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Watch: 10 Minute Study Of Paul Thomas Anderson's Use Of Steadicam Across 5 Films

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by Ken Guidry
March 8, 2013 10:40 AM
5 Comments
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He’s made just six films over his career yet the works of Paul Thomas Anderson continue to be analyzed in numerous different ways by many people. Kevin B. Lee from Sight & Sound, in particular, has showcased remarkable perception when it comes to analyzing PTA’s visual style. He’s compiled videos of every symmetrical two-shot, every whip pan, and most notably, every tracking shot and this video essay is definitely a must-see for any fan of the filmmaker.


In the video, Kevin B. Lee examines the evolution of Anderson’s style with Steadicam. With “Hard Eight,” he only has one notable tracking shot: when Sydney (Philip Baker Hall) is walking through the casino before he eventually stops at the craps table. In “Boogie Nights” and “Magnolia” however, PTA’s love for tracking shots really come alive. Lee specifically talks about the opening tracking shot in 'Boogie' as well as the long tracking shot in the studio where the “What Do Kids Know?” game show is staged in “Magnolia.” He notes how the shot in 'Boogie' is done with specific purpose, introducing each of the main characters in the film. The shot in “Magnolia” appears to have less of a purpose, merely movement for the sake of movement.

Then Lee astutely points out a shift in Anderson’s style in his subsequent films where he starts to use the tracking shot less and in different, more effective ways. It’s really interesting to see how Paul Thomas Anderson slowly shifted away from his Scorsese influences into a completely different realm all on his own. This makes his upcoming film “Inherent Vice” even more worth the watch just to see the continued evolution of the filmmaker. Be sure to watch the video below. [via Rope Of Silicon]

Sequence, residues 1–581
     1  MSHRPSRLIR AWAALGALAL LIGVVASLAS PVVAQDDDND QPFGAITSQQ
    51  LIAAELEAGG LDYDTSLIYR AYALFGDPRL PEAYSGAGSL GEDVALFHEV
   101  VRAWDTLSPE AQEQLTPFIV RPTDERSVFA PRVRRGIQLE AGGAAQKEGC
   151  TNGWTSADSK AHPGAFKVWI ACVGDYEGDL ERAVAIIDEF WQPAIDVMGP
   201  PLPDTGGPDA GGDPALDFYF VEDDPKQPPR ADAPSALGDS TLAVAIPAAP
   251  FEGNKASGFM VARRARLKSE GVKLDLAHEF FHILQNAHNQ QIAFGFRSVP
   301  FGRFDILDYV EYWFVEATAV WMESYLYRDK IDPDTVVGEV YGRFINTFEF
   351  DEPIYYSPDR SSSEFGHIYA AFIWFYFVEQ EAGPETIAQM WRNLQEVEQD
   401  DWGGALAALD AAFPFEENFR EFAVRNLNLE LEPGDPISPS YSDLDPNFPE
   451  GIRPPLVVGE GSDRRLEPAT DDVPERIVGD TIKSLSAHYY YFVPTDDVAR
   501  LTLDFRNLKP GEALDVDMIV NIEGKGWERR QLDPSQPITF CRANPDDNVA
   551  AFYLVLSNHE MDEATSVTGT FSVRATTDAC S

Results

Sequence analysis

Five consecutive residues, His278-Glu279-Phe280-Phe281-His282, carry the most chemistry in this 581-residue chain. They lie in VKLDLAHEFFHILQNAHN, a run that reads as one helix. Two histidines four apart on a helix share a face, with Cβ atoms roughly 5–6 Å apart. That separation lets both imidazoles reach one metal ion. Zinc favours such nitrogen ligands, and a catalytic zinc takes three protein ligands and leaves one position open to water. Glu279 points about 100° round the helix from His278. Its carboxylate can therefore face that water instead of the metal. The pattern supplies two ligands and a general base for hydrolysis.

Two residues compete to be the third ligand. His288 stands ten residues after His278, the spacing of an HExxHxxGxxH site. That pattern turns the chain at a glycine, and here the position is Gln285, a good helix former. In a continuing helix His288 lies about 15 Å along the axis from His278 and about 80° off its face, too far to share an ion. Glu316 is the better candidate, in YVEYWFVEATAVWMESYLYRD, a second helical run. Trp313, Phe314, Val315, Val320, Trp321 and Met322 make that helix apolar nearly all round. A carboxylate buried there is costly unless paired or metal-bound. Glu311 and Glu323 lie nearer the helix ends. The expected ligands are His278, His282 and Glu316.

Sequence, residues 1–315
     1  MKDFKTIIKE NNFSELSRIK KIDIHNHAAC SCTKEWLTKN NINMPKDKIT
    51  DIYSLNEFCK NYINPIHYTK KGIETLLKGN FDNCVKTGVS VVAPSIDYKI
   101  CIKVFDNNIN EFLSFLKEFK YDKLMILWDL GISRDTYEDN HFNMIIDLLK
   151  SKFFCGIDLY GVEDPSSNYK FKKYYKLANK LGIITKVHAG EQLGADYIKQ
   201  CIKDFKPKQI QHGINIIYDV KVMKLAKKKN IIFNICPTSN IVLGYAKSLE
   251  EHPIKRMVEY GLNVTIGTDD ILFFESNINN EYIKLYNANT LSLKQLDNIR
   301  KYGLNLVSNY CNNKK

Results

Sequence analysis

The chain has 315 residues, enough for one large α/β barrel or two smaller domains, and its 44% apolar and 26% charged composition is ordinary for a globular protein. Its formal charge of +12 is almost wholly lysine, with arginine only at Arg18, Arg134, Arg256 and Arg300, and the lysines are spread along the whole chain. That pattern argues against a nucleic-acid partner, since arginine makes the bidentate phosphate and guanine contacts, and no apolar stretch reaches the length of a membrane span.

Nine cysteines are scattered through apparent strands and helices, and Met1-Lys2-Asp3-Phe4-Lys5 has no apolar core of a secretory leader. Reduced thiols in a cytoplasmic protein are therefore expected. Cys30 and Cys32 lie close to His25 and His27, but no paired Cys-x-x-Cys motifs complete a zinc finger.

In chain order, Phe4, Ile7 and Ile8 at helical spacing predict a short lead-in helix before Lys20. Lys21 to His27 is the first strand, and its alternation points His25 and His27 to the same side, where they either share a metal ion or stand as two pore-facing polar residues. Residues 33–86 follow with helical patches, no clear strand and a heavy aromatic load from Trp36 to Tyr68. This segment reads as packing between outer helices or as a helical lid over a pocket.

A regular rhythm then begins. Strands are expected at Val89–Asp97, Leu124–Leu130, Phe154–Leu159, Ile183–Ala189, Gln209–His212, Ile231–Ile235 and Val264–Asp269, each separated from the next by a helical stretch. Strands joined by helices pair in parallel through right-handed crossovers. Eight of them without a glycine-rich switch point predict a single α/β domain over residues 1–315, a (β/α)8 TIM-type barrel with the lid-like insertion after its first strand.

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5 Comments

  • Cribbster | March 14, 2013 4:22 PMReply

    As well-thought out as this is, listening to Anderson talk, you get the sense that many of his choices are intuitive. This may be a good explanation of why his tracking shots work, but I'm not sure most, if any of this, is actually going through PTA's mind when he's making the movie. (Except for maybe "Boogie Nights" where it's clearly PTA introducing you to the characters.)

  • kof | March 14, 2013 5:05 PM

    You are 100 percent correct. All this is babbling fodder for theorist types. Most filmmakers, including Anderson, would never do what they do if they actually deconstructed their shooting plan like this. It's intuitive; it comes from watching lots of films and absorbing stuff that grips them. Go watch Fellini, Bertolucci, Welles, and, of course, Altman, and you'll see a lot of what Anderson is doing in his later "phase." He is taking already established movements and framings but making them his own. As does every great filmmaker. Even the folks I mentioned.

    To listen to this drivel, you'd think he invented a whole new language of the long take.

    PS. Scorsese, too, has evolved in his later works with less kinetic tracking shots and NO VOs. Somehow, that's not mentioned.

    Each STORY informs its own approach.

  • Ciccio | March 10, 2013 4:17 PMReply

    Hope he is more accurate about cinema than music.
    Writing Mahler instead of Brahms... poor us!

  • cattt | March 8, 2013 3:25 PMReply

    Great clip.

    Subtle work and yet powerful.

  • Monty | March 8, 2013 2:11 PMReply

    Very interesting stuff!
    Great post guys.

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